Chomedey voter card error throws a wrench into Aglaia Revelakis campaign

Incumbent Action Laval councillor fears mistake could mislead district’s electors

A misprint on a pre-election voter information card sent out to virtually every address in Chomedey threatens to sow confusion among the district’s electors about which candidate to support on Nov. 7 in the municipal elections.

Potentially costly mistake

On Chomedey (District 14) voter information cards published and distributed door-to-door by the office of the city’s chief electoral officer Valérie Tremblay, the first two out of four candidates listed are Laval Citoyens’ Marie-Josée Duval and incumbent Action Laval candidate Aglaia Revelakis.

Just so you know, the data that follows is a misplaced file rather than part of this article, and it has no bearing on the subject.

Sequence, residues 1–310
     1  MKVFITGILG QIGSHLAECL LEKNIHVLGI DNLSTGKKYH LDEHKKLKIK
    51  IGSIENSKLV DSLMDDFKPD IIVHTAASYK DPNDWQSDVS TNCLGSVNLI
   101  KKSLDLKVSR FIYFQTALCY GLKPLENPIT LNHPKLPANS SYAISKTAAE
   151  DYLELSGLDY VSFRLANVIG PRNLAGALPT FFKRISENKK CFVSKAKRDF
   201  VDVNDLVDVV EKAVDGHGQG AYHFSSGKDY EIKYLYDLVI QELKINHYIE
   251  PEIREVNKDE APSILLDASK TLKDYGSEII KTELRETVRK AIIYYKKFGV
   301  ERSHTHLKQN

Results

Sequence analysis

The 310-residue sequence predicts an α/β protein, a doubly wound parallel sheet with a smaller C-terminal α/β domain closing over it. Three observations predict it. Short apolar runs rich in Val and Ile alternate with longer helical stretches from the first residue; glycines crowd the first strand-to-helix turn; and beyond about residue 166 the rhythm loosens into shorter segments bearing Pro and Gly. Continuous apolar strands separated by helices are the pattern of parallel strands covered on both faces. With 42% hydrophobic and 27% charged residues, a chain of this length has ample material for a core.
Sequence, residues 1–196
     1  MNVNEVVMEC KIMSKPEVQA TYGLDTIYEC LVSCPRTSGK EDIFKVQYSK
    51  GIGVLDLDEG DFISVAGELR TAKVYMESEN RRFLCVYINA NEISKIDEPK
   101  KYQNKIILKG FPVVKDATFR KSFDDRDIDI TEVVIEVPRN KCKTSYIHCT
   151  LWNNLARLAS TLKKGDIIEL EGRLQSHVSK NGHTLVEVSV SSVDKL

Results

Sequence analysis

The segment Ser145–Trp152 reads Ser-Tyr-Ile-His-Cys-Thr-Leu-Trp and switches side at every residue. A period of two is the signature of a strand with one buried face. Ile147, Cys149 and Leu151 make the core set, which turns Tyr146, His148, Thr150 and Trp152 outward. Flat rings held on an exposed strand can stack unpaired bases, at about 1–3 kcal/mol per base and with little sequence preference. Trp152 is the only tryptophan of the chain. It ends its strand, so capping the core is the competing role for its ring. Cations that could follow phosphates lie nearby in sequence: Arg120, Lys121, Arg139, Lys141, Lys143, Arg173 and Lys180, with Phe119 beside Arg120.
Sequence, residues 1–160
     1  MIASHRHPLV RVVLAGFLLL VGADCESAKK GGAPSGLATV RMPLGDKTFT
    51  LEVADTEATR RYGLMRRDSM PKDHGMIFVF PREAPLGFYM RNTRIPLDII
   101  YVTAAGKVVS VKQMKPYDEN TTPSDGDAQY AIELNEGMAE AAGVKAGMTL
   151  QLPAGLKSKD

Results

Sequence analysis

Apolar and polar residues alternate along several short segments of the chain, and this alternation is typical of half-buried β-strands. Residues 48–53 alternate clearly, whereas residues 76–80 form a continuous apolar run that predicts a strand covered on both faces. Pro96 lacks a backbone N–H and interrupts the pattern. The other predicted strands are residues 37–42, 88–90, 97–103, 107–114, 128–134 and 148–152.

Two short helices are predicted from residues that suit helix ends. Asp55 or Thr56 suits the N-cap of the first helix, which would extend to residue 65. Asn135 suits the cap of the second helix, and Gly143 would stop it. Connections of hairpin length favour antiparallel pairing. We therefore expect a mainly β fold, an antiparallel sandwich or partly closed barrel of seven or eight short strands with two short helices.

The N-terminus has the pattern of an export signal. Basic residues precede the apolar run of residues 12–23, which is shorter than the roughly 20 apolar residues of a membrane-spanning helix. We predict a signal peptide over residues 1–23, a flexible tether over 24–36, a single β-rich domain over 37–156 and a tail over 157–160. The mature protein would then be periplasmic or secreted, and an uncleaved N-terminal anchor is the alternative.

The problem is that the chief electoral officer mistakenly listed Duval, whose name appears first in the list of council candidates, as running for Action Laval, even though the card simultaneously correctly states that she is affiliated with Équipe Michel Poissant (which is the alternate name for Laval Citoyens).

What will the impact be?

Just underneath, Revelakis is correctly identified as the candidate for Action Laval – Équipe Sophie Trottier. It is perhaps worth noting that the correct information has been available for weeks on the provincial government’s Élections Québec website.

The misprinted Chomedey voter information card.

Despite some acknowledgement of the error from the election director’s office, and a commitment on their part to see that the ballots are corrected by election day, the question now is whether some Chomedey voters will have been sufficiently misled by the error to mistakenly vote for a candidate they don’t actually support.